The colors of the rainbow can be seen along the 9-mile Artist’s Drive. The rock formations here are awe-inspiring, and although the drive is beautiful at any time of day, the afternoon light casts a special glow over the varying colors. Hop out of the car at the Artist’s Palette viewpoint for terrific photography opportunities.
The lowest point in all of North America is found at Badwater Basin. A short, quarter-mile walk across the salt flats will put you right at 282 feet below sea level; the polygon-shaped salt formations seen here are synonymous with Death Valley.
Mesquite Flat Sand Dunes
You can see them rising in the distance, and they certainly appear closer than they actually are. The Mesquite Flat Sand Dunes are the largest dune configuration within Death Valley National Park, and incorporate three different types of dunes: crescent, linear and star-shaped. Some of the dunes rise nearly 100 feet from the ancient lake bed floor.
Set your alarm and make your way to Dante’s View to catch the sunrise over Death Valley National Park. At 5,475 feet, the view faces west to the Panamint Mountains over Badwater Basin and is one of the best vantage points in the park. On a clear day, you may even be able to make out the Sierra Nevadas on the far western horizon.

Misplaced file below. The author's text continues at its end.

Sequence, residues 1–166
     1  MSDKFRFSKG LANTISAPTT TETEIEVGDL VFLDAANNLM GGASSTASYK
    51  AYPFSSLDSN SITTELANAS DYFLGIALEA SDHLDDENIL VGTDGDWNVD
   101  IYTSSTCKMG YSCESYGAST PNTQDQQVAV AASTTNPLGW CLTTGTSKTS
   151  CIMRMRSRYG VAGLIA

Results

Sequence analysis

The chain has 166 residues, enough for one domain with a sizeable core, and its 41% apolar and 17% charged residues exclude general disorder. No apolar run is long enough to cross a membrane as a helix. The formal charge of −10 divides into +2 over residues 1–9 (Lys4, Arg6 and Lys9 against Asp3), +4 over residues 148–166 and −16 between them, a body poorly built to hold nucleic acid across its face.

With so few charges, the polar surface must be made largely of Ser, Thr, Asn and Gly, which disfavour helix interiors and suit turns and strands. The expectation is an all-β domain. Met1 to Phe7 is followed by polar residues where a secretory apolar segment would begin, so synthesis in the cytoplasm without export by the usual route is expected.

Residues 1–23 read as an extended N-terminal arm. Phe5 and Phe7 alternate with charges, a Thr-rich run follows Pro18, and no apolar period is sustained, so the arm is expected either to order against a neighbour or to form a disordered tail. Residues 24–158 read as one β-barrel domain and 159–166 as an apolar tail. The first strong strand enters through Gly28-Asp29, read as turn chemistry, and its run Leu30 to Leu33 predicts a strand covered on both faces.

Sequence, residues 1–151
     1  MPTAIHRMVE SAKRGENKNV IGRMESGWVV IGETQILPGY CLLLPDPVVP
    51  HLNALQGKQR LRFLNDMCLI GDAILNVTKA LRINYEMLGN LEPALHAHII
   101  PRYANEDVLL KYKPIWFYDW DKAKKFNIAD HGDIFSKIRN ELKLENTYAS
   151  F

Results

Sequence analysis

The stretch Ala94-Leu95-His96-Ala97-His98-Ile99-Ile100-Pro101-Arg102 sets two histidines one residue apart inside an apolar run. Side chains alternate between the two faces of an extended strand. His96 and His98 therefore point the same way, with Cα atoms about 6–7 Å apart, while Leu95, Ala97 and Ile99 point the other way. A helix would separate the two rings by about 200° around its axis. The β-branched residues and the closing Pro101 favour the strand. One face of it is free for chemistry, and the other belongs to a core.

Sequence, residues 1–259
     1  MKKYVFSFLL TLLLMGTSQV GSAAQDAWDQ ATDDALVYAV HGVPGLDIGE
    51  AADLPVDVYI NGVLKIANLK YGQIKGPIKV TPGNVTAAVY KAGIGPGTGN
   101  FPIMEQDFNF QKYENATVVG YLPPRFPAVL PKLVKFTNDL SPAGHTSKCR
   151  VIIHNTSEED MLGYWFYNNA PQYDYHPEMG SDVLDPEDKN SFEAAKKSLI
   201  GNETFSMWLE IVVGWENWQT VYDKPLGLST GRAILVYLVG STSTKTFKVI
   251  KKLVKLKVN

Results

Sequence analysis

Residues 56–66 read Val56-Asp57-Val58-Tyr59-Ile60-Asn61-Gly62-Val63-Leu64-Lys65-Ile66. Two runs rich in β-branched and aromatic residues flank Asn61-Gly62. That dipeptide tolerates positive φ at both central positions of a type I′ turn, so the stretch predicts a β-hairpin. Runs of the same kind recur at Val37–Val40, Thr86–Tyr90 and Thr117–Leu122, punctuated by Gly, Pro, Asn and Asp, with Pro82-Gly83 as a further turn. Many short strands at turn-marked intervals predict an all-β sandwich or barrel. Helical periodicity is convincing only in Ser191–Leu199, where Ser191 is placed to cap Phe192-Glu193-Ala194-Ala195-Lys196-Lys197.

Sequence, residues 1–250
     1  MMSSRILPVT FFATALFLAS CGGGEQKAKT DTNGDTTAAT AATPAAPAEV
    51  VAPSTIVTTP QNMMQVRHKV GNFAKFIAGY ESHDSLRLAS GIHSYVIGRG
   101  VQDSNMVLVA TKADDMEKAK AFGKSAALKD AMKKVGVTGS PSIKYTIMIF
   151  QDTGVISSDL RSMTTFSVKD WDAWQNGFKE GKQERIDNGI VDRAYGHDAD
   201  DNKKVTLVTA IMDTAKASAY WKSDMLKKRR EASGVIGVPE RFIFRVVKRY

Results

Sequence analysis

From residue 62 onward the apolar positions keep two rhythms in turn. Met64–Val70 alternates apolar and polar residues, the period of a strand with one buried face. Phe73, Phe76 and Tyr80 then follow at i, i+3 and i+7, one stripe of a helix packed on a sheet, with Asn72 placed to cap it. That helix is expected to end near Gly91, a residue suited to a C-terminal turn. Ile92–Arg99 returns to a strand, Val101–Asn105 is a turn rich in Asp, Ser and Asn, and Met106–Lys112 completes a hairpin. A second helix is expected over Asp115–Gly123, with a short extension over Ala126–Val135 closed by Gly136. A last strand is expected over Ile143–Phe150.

In the northern part of the park lies the half-mile-wide and 600-foot-deep Ubehebe Crater, possibly created as recently as 300 years ago by an explosion when magma mixed with an underground spring. During the cooler months in Death Valley (October through April), consider a hike around the rim.
The Father Crowley Vista Point provides a terrific view of dark lava flows intermixing with volcanic cinders, plummeting into the colors of Rainbow Canyon. Don’t be startled if you hear noise overhead—the military uses this area of the park for its jet fighter low-flight training.
A nearly full-day excursion, the Racetrack is only accessible to those driving a four-wheel-drive vehicle with good tires. The destination, however, is well worth the effort. Here, in the northwest region of the park, you can see the infamous moving rocks.
Two miles south of the Grandstand parking area, park your vehicle and walk about a half-mile toward the southeast corner of the mesa for the best views of the rocks and their paths. Mystery surrounds the odd formations, which have gradually slid across the arid flats, leaving trails in their wake—some weighing as much as 700 pounds!
Top Outdoor Adventure Activities in Death Valley National Park